Scientists at The Scripps Research Institute (TSRI) have achieved a feat in synthetic chemistry by inventing a scalable method to make complex natural compounds known as "polyhydroxylated steroids." These compounds, used in heart-failure medications and other drugs, have been notoriously problematic to synthesize in the laboratory.
The researchers demonstrated the new strategy by synthesizing ouabagenin [wa-bah-jenn-in], a close chemical cousin of ouabain, which Somali tribes once used as a potent poison on the tips of their arrows but was later developed as a treatment for congestive heart failure. This achievement, reported in the January 4, 2012 issue of Science, points the way to a scalable formation and modification of a variety of useful compounds that had been obtainable in significant quantities only from plants or animals.
"Previous synthetic routes to these compounds required so many steps as to be impractical on a large scale," said Phil S. Baran, a professor and a member of the Skaggs Institute for Chemical Biology at TSRI, "but we were able to come up with a completely new strategy."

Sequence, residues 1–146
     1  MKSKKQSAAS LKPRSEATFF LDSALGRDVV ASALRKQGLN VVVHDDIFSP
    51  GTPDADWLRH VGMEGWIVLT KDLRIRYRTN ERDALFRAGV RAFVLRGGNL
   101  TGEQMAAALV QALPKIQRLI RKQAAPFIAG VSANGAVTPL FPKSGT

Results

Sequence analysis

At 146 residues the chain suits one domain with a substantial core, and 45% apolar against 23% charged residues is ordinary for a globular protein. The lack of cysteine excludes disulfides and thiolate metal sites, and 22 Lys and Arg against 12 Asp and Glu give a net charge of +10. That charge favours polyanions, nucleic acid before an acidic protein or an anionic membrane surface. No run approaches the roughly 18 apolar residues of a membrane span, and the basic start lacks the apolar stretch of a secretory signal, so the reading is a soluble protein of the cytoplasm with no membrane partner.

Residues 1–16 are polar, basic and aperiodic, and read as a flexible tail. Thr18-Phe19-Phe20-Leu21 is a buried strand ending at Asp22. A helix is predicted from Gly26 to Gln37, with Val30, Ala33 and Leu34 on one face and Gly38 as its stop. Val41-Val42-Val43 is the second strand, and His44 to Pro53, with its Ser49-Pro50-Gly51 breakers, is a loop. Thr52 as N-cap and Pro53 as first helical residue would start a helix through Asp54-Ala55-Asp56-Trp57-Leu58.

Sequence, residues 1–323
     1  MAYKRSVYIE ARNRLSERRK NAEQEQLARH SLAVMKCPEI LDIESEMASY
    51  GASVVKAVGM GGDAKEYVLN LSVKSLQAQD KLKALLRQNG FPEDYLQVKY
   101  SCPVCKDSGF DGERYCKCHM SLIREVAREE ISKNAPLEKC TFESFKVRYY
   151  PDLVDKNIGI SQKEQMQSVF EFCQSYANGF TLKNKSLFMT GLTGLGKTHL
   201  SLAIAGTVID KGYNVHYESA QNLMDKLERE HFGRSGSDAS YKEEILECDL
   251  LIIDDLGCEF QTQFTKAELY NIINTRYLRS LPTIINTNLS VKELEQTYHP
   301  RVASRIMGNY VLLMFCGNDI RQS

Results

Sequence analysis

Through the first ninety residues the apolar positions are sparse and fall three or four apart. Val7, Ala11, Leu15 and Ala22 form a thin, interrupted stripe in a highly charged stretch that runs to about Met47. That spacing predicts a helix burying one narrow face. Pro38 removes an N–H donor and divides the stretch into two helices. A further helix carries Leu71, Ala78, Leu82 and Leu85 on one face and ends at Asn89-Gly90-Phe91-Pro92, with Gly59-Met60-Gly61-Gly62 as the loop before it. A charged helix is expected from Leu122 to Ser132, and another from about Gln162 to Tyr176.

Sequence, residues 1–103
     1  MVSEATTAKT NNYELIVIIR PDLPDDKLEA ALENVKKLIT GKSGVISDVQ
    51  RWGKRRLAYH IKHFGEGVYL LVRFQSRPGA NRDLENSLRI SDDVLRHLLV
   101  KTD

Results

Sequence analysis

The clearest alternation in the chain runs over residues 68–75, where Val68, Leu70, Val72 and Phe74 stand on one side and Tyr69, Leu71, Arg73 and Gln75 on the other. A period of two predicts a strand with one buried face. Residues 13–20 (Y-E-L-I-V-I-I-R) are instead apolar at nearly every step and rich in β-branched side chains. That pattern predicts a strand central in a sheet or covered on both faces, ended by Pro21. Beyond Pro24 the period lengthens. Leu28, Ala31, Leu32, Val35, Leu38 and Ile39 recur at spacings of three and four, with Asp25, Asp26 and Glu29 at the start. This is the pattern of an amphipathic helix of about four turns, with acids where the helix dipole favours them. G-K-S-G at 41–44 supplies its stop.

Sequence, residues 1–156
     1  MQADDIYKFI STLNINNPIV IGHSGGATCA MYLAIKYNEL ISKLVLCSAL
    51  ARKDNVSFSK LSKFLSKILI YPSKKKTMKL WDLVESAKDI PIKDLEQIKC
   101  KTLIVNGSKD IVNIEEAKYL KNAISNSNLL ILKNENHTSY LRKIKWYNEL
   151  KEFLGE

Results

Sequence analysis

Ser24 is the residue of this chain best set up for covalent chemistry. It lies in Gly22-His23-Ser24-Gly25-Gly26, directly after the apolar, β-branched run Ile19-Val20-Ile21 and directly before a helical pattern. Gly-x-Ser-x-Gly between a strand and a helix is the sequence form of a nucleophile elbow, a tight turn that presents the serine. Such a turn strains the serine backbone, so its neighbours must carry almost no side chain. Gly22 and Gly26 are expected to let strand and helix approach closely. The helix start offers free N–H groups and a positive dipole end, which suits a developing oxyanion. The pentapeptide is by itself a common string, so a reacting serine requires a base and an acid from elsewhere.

Science Crime Scenes
Pakistan Observer: Taxila: Treasure hunters steal ancient items illegally
Dr M Ramazan Rana
Friday, January 04, 2013 - Taxila—Scores of priceless antiquities including coins dated back to second century to 5th century AD belongs to ancient Gandhara civilization are feared to be lost as treasurer hunters make illegal excavations at a mound near Taxila. It has been learnt that a gang of influential treasure hunters carried out illegal digging at a mound in village Tofukian located near Taxila and recovered different antiquities especially coins of Kushan dynasty dated back to second Century to 5th century AD.
L.A. Times: Colombia residents want Germany to return stone statues
A petition calls on Colombia to request the return of the 35 artifacts to San Agustin. An archaeologist sent them to Germany after World War I ended.
By Chris Kraul, Los Angeles Times
December 27, 2012, 5:11 p.m.